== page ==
The Brookings Institution and the New York Times are convinced the federal government spends "vastly more" per person in rural areas than in the cities. Why do they continue to get this story wrong?
A New York Times columnist Wednesday complained that Iowa and New Hampshire were too rural to have such a prominent role in nominating presidents.
David Leonhardt wrote that having early primaries in these states distorts our politics, creates an anti-urban bias in policy, leads to outsized federal spending in rural areas and is profoundly undemocratic.
Here we go again.
There are a number of folks at the New York Times who are convinced that rural America is getting too much out of the federal government. Cities are ignored, goes the logic, because the early primary states are more rural than the national average.
And, according to Leonhardt, this imbalance creates national policies where “(s)uburbs and rural areas receive vastly more per-person federal largess than cities.”
This is a very old story from the Times and, before we go any further, it is wrong on the facts. Per capita spending in rural areas is LESS than in the cities. The tallies can be found here.
Despite the data, the Times has been pushing this argument since before the last presidential election. The paper is abetted by the Brookings Institution, which has been saying for some time that the United States is an “anti-urban nation.” Now, it appears, the paper and Brookings are at it again, just in time for 2012.
Leonhardt’s column follows the Times/Brookings formula. Here is what the Times wrote in a February 2008 editorial:
For more than a generation, presidential aspirants have mostly resisted acknowledging the importance of the cities’ well being. Blame the front-loading of the primary season with rural states, or electoral and legislative systems that give disproportionate weight to sparsely populated states. Whatever the reason, it is shortsighted.
Then, the Times editorial quotes Bruce Katz from Brookings.
In 2009, the Times ran a front page story claiming that cities were constantly losing out to rural areas when it came to federal highway spending. Two Times reporters wrote that “it is clear that the stimulus program will continue that pattern of spending disproportionately on rural areas.”
Then the reporters quoted somebody from Brookings.
Leonhardt (a Pulitzer Prize winner and a “third generation native of New York”) adopted this template for a column that appeared Wednesday. He makes the same (spurious and, by now, shopworn) claim about disproportionate federal spending in rural areas — and then he quotes Bruce Katz from Brookings.
(I should note here that sometimes Brookings does its own dirty work, as it did in this particularly mean-spirited piece for The New Republic headlined “Village Idiocy – Enough with small-town triumphalism.” And we shouldn’t forget that Washington Post whiz kid Ezra Klein also wrote that the federal government devoted a “raft of subsidies to sustaining rural living.” Klein, at least, managed to come to his wrong conclusion without quoting anyone from Brookings.)
All of these stories failed to support their claims that rural America was somehow making off with the federal treasury. The front-page piece about highway spending, for example, was so confused that it counted most of the country’s cities as “rural” in its calculations. Lexington (KY), Reno (NV), Durham (NC) and more than 250 other metropolitan areas were all considered “rural” in the Times’ story about highway spending.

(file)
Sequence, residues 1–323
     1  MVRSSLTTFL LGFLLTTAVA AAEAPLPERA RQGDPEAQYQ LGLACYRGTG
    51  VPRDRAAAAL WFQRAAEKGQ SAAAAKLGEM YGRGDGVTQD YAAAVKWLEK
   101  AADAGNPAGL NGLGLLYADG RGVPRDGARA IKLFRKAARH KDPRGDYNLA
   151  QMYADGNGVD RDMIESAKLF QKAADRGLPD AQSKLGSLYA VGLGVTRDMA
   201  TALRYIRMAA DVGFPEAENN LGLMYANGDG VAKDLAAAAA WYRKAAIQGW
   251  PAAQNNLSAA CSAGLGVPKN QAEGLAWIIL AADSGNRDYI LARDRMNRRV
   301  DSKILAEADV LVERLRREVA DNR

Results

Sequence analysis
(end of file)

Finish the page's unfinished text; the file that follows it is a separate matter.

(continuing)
Leonhardt is just flat wrong. There is no evidence that rural communities “receive vastly more per-person federal largess than cities.” Per capita federal spending in rural areas is less than in the cities. The only reason spending in rural areas is close to city levels is that more rural residents receive Social Security — a consequence of age, not geography.When you measure community spending, as the Department of Agriculture’s Economic Research Service has been doing for decades, then per capita spending in rural areas falls far behind spending in the cities.
The argument made by the Times editorial board, Brookings and by Leonhardt is that the presidential election process is a folly, made worse by placing so much emphasis on just two states that are “unrepresentative” because they lack major cities. (New Hampshire and Iowa have about 60% of their populations living in cities; the national average is 80%.) As a result, candidates lock themselves into federal policies that lavish funds on rural America.
Great theory, but the figures on federal spending tell the exact opposite story.
The nation should have an urban policy. It doesn’t, but not because presidential primaries begin in Iowa and New Hampshire nor because of the make-up of the Senate. (By the way, is it more likely now that an urban policy to Leonhardt’s and Brookings’ liking would come out of the representative and Republican House or the unrepresentative and Democratic Senate?)
The nation doesn’t have a plan for rural communities either and several advocates have concluded that rural America will never get much notice from what they consider the most urban-centric administration in memory.
Nobody is happy. And blaming Iowa or Obama for the general disinterest in both rural and urban America hasn’t done much good. Better if we all complained less and worked more.
To that end, the Daily Yonder will publish a two-part series, beginning Monday, on what a national rural policy should look like. Karl Stauber, who directs the Danville (VA) Regional Foundation, writes it.
We’ll leave urban policy to Brookings, Leonhardt, Klein, The New Republic and the New York Times. I think they’ve got that side of the street covered and it appears they are well acquainted.
Bill Bishop is co-editor of The Daily Yonder.